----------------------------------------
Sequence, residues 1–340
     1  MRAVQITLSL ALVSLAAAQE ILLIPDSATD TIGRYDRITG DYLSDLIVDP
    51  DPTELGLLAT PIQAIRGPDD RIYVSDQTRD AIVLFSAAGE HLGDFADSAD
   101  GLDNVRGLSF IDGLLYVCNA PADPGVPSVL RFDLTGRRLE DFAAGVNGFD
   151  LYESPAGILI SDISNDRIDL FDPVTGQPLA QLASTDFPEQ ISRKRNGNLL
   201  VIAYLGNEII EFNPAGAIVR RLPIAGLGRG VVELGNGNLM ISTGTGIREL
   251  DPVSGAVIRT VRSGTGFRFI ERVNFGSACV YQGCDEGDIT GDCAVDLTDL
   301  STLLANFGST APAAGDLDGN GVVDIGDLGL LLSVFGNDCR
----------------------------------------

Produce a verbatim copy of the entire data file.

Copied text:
Sequence, residues 1–340
     1  MRAVQITLSL ALVSLAAAQE ILLIPDSATD TIGRYDRITG DYLSDLIVDP
    51  DPTELGLLAT PIQAIRGPDD RIYVSDQTRD AIVLFSAAGE HLGDFADSAD
   101  GLDNVRGLSF IDGLLYVCNA PADPGVPSVL RFDLTGRRLE DFAAGVNGFD
   151  LYESPAGILI SDISNDRIDL FDPVTGQPLA QLASTDFPEQ ISRKRNGNLL
   201  VIAYLGNEII EFNPAGAIVR RLPIAGLGRG VVELGNGNLM ISTGTGIREL
   251  DPVSGAVIRT VRSGTGFRFI ERVNFGSACV YQGCDEGDIT GDCAVDLTDL
   301  STLLANFGST APAAGDLDGN GVVDIGDLGL LLSVFGNDCR